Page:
Dan Szczesny returns to his old haunting grounds and finds hope amid the decay.
With a baby on the way, I’ve begun thinking about my own childhood as a way to explore how I might bring my soon-to-be daughter closer to the history of her family. My father is still with us, but he’s the last remaining immediate connection my daughter will have to her past. One of the challenges of being an older parent is that I’ll have to dig deeper to find connectivity.
So, on a recent trip to Buffalo, my home town, I decided to swing through the neighborhood where my father’s family came as immigrants, then I returned as a child. And it made me realize I have one further, daunting challenge.
Buffalo’s East Side is a wreck. When the majestic (and now abandoned) Buffalo Central Terminal was built in the 1920s, it tore the neighborhood apart and signaled the area’s slow decline from thriving ethnic neighborhood to neglected urban decay. Today, the neighborhood spills over onto the broken sidewalks and dirty streets like it’s been punctured, like the houses and yards and churches are all open, bleeding wounds.
That’s where the story of my father’s family began, in a small, two story house that now sits in the middle of Buffalo’s worst, most deteriorated neighborhood.
When my grandfather followed his two brothers to America at the turn of the 19th Century, he landed here, on Buffalo’s East Side, where the Poles and other Eastern Europeans began taking the neighborhood away from the Irish and other Western Europeans.
The neighborhood was near the main set of heavily used railroad tracks that first brought him to Buffalo. And just up the road – where the main Post Office now stands – Buffalo’s enormous stockyards bustled and thrived, the primary source of food, dry goods and supplies for the new immigrants. My grandfather worked on that railroad, and began to raise a family with my grandmother, two girls and two boys. My father was the baby of the brood.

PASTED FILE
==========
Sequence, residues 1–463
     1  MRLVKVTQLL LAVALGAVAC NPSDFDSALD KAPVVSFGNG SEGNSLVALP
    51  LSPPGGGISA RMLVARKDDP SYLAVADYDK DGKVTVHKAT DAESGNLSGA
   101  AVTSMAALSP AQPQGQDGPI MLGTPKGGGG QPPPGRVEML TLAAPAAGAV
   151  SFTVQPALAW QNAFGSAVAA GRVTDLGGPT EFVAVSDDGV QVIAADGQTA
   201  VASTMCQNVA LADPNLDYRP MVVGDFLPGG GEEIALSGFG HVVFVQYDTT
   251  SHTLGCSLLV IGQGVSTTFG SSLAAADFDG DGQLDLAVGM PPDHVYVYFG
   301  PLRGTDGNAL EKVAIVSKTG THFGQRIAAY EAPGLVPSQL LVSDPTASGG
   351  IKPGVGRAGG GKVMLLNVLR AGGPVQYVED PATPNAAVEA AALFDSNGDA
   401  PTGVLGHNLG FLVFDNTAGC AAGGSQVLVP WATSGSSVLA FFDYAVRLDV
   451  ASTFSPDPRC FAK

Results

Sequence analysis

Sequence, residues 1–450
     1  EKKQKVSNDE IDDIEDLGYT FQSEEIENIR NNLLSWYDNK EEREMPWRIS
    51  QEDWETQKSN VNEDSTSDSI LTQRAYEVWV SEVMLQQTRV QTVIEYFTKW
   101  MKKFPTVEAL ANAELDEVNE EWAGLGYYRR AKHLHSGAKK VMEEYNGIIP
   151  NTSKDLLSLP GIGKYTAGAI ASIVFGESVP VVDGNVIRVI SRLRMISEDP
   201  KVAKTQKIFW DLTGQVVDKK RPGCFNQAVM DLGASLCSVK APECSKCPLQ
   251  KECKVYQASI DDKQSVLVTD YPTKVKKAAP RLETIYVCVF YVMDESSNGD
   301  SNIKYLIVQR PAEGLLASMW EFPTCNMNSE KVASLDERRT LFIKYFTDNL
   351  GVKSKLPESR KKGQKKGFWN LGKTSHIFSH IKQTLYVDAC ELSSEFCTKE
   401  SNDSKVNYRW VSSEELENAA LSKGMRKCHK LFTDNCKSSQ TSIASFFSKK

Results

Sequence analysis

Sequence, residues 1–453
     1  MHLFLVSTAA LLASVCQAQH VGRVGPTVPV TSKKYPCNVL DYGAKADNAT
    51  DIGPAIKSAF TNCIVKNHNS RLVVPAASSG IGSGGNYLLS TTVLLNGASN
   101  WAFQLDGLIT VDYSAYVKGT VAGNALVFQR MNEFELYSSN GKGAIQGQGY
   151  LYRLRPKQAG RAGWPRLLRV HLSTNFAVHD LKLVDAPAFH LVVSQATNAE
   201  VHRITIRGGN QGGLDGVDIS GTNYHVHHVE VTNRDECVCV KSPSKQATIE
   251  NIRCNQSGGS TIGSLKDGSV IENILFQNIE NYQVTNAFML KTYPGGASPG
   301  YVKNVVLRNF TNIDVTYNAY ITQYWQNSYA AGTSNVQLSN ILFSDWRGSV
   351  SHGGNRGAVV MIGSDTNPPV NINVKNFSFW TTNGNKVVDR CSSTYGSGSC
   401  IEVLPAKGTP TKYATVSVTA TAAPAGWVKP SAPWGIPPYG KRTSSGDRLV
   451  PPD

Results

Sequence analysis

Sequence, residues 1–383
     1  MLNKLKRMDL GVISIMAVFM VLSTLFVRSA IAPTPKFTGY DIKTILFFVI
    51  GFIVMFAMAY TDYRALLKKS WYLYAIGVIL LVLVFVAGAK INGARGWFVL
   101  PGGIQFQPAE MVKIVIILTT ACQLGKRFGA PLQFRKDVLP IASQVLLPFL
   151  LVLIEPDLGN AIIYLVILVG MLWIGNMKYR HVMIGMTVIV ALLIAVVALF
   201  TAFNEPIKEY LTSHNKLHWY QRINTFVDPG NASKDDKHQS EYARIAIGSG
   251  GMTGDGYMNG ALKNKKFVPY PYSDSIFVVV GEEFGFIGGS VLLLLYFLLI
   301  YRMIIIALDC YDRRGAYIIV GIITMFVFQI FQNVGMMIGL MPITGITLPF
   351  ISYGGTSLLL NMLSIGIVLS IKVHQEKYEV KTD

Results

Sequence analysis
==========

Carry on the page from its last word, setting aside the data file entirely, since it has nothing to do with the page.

When my father married my mother, they lived in that house at first, renovating the upstairs apartment. That house brought together my father and mother’s families. And as a child, my parents brought me back there so often, even now the thought of that old house triggers in me the smell of my grandfather’s old workshop or the feel of the old rusty fence that ran behind the chicken coop where we used to play as kids. I loved that house.
Now, as I pick my way through the crumbling streets lined with collapsing porches and feral cats, I feel hopeless. I can’t bring my daughter here. I drive down the street and pass right by the property. I miss it the first time through because I don’t recognize the house.
I stop the car in the middle of the abandoned street, roll down the window and stare. The house of my childhood is now an island of light and whimsy amid the squalor. The front porch is filled with bird houses, spectacularly beautiful and intricate in design. The front yard is landscaped with tiered flower beds. The porch railing and door iron work gleams in the morning sun. There is a Polish flag in the flower bed.
“Can I help you?” A kid is standing by my car, maybe 12 or 13 years old. “Do you want to buy something?”
So I pull over and we chat. He gets his dad, John, a contractor who bought the house a few years ago and has spent his days making it beautiful once again. He speaks in broken English and every so often his son needs to translate for him. John builds the birdhouses himself.
I ramble on about my family and my childhood, and to his very great credit John humors me, and his son translates a few things here or there. I mention my grandfather’s chicken coop, and that’s the one time John smiles wide.
“I think that’s going to be coming back,” he says, and we share a nod and I can barely contain my happiness there on the broken street of my childhood, speaking with the family that I now share history with.
I hope John succeeds. I hope his kids stay safe. I hope he does build a chicken coop. And I hope his efforts to create an island of calm and beauty in the middle of an ocean of decay serves as the first step toward saving that neighborhood.
Because when my baby is old enough, I plan on taking her to the house where her grandmother lived and buying my daughter a birdhouse.
Photo courtesy of author